While Lana Del Rey may mean a different incarnation to everyone – the eternal sad girl from the “Ultraviolence” era, the smiling flower child from the “Lust For Life” period or the farm-dwelling artist from the time of “Chemtrails Over The Country Club” – she is always really… herself. We take a look at the career and work of one of the most important artists of our time, who constantly surprises us with new sounds and moving lyrics, who sells out tickets to her concerts within minutes, and who, in light of her impressive successes, efficiently sets clear boundaries for her privacy. Ladies and gentlemen, this is Lana Del Rey!

Table of Contents:

Voice of a generation

Throughout her career, Lana Del Rey, a 37-year-old singer, songwriter and poet born Elizabeth Grant, has revolved around a hazy, melancholic and constantly seductive Americana aesthetic, peeling back the sunny exterior of the myth of the American Dream, to reveal what’s really behind it. On her album covers, she impersonates a hippie with flowers in her hair standing in front of a dilapidated pickup truck or navigating a yacht, reaching out for help (or, conversely, inviting the listener into her enigmatic world) as the California coastline behind her burns. Even the titles of her albums – “Chemtrails Over The Country Club,” “Norman Fucking Rockwell!” – indicate the artist’s fascination with the idea of ordinary life in times of global cataclysms and socio-political crises.

Del Rey is the voice of a generation that is both misunderstood and misinterpreted by the media. In the past, her words have occasionally been taken out of context, such as the quote “I wish I was dead” from an interview with The Guardian; so now she only gives interviews to trusted journalists or magazines that specialize exclusively in music. The versatile musician and poet is often accused of impersonating a “fake personality” – after all, her nickname is a reference to Lana Turner and a Ford car model called Del Rey. But such comments are sooner made out of malice or simple ignorance. Just ask the opinion of her loyal fans (there are millions of them), who have supported the artist since her debut or are only now joining her fan-base. The fact is that there is no “truer” person in today’s music industry than Lana.

Lana Del Rey: yesterday, today, tomorrow. About the work of the most important singer of the modern generation. 5


Her 2012 debut album, Born To Die, made Lana Del Rey a star and defined the musical Tumblr era, when the young singer played with both romantic and dark topos of the American dream. Her “world-building,” as she now calls it, in her early work created a collage of beautiful and unique images, combining hip-hop aesthetics with references to the Kennedy family, Elvis Presley, John Wayne and old Hollywod, contrasted from time to time with shots of real biker gangs. Since then, Del Rey has pushed her musical boundaries considerably, filling her discs with collaborations with stars such as Stevie Nicks and Playboi Carti or creating a cover of Sublime’s cult hit “Doin’ Time,” which turned out to be the song of the summer ranked “Summertime Sadness.” With her musical experiments that redefine her work each time, Lana achieves both critical acclaim and commercial success. She has earned six Grammy nominations and holds the record for the most No. albums. 1 on the Billboard Alternative Albums chart. It seems that every week a new song from her extensive portfolio gains popularity on TikTok. Younger artists often cite her as an inspiration – including Madison Beer, Olivia Rodrigo and Billie Eilish, whom Del Rey calls her friend.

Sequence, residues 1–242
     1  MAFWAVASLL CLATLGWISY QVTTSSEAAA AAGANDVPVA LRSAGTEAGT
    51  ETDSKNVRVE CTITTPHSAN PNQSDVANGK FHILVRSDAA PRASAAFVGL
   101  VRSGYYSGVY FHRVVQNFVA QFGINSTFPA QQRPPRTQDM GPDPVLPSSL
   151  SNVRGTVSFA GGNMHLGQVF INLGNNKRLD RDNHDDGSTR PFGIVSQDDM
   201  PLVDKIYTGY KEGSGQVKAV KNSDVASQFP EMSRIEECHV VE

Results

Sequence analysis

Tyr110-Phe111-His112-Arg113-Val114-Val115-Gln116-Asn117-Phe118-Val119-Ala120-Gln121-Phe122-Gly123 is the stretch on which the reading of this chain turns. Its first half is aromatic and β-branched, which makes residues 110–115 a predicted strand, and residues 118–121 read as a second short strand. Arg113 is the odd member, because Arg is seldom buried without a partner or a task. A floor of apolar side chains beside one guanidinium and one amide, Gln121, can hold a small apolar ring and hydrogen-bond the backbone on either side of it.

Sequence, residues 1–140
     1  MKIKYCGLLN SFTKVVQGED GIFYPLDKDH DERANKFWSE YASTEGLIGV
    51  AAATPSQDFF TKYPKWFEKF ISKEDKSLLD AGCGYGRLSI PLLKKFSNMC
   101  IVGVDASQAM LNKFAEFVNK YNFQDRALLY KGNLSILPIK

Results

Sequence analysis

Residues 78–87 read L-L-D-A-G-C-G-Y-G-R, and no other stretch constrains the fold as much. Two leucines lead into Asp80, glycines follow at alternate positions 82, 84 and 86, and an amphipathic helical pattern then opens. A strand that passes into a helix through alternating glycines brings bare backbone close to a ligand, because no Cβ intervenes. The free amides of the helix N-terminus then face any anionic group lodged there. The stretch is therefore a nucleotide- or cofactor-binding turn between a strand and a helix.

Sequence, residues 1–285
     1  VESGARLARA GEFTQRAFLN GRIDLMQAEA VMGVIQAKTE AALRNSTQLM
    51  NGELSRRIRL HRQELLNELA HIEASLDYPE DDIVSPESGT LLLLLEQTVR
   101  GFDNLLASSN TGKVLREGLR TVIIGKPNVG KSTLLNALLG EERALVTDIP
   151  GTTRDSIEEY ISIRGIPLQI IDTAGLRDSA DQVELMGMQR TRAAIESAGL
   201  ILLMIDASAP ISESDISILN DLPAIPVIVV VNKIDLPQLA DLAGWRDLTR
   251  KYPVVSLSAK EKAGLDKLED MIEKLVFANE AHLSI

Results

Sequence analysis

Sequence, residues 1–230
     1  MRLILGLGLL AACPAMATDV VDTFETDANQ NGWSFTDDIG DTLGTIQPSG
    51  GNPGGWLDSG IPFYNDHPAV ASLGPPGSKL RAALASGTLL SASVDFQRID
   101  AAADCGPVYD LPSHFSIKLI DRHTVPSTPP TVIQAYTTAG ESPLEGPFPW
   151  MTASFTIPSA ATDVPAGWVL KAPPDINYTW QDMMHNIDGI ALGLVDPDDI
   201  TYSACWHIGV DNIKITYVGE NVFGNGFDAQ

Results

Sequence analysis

In Lana Del Rey’s artistic multiverse, we see nods to Bob Dylan, F. Scott Fitzgerald, Elton John and the Beatles. With her, all these influences can coexist in one chorus and not seem excessive. One only has to listen to the 2017 track “Tomorrow Never Came,” a phenomenal duet with Sean Ono Lennon, to understand what I mean. Meanwhile, songs such as the 10-minute “Venice Bitch,” the most psychedelic song of her career, or “Norman Fucking Rockwell,” a romantic ballad enriched with ironic criticism of modern men, are musical masterpieces that represent the artist’s best lyrics, but at the same time have almost zero chance of appearing on the radio. “Norman Fucking Rockwell!“, Del Rey’s most critically acclaimed album, is a “moody record,” as the singer herself describes it. There’s no room for mainstreamhits here; you’ll find iconic songs that you can fully indulge in during walks on the beach or long car rides.

Del Rey
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Success according to Del Rey

In an era of streaming, where success often means putting easily digestible singles on relevant Spotify playlists, creating albums that are in-depth, 70-minute experiences is not only inspiring – but also rebellious. It’s an approach that has worked well for Lana Del Rey: her songs, even the long and eccentric ones, easily accumulate tens of millions of listens. In total, her albums have sold more than 4 million copies in the United States alone, and all of her studio albums have debuted at number one on the Billboard 200 chart. The first of these, “Born to Die,” is one of only three titles released by a woman to spend more than 300 weeks on the Billboard 200 chart (the other two albums are Adele’s “21” and Carole King’s “Tapestry”). Del Rey owes her musical triumph to her distinct aesthetics and unique sound, which keep the interest of young fans who have grown up on her outstanding work. “When we sign a contract with an artist, it is necessary for the presence of a true vision,” – says Interscope label CEO John Janick. “Lana is a prime example of that. Her artistry is inspiring, she has sold millions of albums, and she does everything on her own terms.”